Where’s My Water?

Some pointers to help keep students well-hydrated.

Caleb McElmurry and Kyle Peterson

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Dehydration among students may be a serious problem. In most homes in America, water is unlimited, and places to get it are everywhere, but as the saying goes, you can lead a horse to water, but you can’t make it drink.

According to most sources, high school students require at least two liters of water. For reference, that’s 8-10 medium sized glasses. According to the CDC, consumption of water, especially in place of sugary soft beverages, can help limit excess weight gain and prevent dental cavities. Additionally, drinking water helps students stay hydrated, focused, and ready to learn. These facts show how failing to drink enough water can greatly affect a student’s health and grades. This is why in 2010, the government made it required for schools to make free water available to students during meal times, where the meals are served.  

Water isn’t just related to health and grades. So how do you make sure that you’re getting the water you need to keep up your in school performance? There are water fountains in almost every hallway, so use them to your advantage. If you play sports, it’s especially important that you drink even more water while you’re exercising. Some of these sports, like football or track, have mandatory water breaks after a set period of time. They also have water coolers and bottles available throughout the whole practice. These measures help protect players from dehydration. It’s also a good idea to do what most students do, and bring a water bottle to school and drink out of it throughout the day. According to coach Coffman, a water bottle is one of the best ways to get your water and to stay hydrated.

Now, what happens when you don’t get the 2 liters of water a day that you need? what are the long term effects of dehydration? One of the side effects is dizziness, which makes it hard to concentrate on the task at hand. Another effect dehydration does is decrease your attention span, which can cause other issues like getting in trouble in class due to not listening to the teacher. At its height, dehydration can cause intense sickness and make you vulnerable to heat strokes, causing you to miss school and lessons that you need attend to succeed in school. All these side effects can seem small at face value, but when you start to look at them with wider eyes, they start to have much bigger impacts. Some students know about the side effects of dehydration, and are wary of it.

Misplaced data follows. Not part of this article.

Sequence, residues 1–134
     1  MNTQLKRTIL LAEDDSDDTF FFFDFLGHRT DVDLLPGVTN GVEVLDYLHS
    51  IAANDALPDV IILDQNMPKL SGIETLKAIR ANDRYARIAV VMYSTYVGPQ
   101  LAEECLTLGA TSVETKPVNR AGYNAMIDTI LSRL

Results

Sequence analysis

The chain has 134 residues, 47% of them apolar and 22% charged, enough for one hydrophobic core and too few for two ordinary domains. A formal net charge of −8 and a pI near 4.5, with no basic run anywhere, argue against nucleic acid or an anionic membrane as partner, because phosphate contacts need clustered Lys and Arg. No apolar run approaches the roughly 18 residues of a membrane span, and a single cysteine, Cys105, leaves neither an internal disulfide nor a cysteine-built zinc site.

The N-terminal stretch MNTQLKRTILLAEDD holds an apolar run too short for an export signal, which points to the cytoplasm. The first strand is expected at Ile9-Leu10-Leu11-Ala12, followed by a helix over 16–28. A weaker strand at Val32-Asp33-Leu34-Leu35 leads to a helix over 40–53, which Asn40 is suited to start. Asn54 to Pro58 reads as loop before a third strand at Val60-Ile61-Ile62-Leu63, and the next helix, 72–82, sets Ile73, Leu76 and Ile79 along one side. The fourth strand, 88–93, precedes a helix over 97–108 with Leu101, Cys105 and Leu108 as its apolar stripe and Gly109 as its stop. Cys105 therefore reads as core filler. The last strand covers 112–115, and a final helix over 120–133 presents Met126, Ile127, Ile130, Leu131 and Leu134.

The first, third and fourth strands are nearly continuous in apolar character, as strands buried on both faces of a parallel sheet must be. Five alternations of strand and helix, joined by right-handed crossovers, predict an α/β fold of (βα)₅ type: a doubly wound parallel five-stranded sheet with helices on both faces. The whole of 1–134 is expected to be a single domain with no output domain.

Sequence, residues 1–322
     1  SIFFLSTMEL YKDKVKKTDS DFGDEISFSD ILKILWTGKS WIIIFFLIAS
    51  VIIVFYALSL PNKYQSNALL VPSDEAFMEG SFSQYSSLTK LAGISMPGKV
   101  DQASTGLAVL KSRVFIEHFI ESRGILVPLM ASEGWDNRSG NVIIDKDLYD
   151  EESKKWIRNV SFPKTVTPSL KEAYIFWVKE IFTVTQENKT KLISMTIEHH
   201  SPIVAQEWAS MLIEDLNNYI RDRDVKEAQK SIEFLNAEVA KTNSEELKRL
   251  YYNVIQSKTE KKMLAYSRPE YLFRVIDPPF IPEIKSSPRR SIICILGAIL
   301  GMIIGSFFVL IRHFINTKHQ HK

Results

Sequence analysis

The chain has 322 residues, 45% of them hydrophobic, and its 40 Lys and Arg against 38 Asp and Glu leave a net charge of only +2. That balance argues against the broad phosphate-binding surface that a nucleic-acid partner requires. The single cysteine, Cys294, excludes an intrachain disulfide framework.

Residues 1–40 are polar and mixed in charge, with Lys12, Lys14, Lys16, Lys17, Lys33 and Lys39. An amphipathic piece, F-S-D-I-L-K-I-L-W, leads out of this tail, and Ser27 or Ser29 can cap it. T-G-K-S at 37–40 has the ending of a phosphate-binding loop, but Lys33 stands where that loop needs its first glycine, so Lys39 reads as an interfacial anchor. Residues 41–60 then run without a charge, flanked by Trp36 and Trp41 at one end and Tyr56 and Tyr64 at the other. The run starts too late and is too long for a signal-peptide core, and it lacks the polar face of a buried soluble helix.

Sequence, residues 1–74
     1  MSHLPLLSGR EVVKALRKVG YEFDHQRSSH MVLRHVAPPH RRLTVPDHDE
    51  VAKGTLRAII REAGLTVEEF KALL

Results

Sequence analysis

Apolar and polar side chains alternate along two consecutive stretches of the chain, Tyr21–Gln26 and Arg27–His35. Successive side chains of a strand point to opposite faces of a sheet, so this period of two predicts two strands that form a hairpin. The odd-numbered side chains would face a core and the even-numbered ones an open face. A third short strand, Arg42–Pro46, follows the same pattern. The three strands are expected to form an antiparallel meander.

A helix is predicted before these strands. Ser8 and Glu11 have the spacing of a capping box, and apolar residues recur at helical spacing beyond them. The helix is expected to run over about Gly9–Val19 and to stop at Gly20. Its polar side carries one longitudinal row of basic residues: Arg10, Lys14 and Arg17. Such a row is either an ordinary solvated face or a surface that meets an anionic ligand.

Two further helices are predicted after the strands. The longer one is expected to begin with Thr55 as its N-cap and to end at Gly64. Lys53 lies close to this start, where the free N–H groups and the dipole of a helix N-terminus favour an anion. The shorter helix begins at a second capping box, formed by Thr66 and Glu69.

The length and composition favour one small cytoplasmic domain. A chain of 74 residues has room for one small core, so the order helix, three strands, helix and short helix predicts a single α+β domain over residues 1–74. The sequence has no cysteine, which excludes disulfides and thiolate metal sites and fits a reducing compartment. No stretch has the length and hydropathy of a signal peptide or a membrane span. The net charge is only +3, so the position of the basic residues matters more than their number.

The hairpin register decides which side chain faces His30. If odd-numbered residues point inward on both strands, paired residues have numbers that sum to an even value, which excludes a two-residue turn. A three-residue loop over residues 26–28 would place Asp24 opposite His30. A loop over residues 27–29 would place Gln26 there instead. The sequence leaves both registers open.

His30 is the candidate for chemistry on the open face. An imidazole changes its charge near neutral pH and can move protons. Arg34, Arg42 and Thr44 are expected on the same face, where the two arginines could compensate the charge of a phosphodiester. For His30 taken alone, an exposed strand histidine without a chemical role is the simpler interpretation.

“Dehydration could be a problem if it causes you to not pay attention in class or makes it hard to do so,” junior Gabe Price said.

Others are more confident in the school’s facility’s ability to stave back dehydration.

“I only drink when I’m thirsty,” freshman Patrick Breen said. “It’s not a big deal, because there’s water fountains all around.”

Among the students, there is a mixed assessed threat. Some kids think it’s not a problem, and others think that it could be a problem if kids are not proactive about their water drinking habits. Sports players have more to worry about with dehydration, as they require more water and have more at risk if they fail to get their water. Water bottles are a great way to stay hydrated, and failing to stay hydrated can have massive effects on your school and school performance. Make sure you get two liters of water every day, and you should be good.

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Where’s My Water?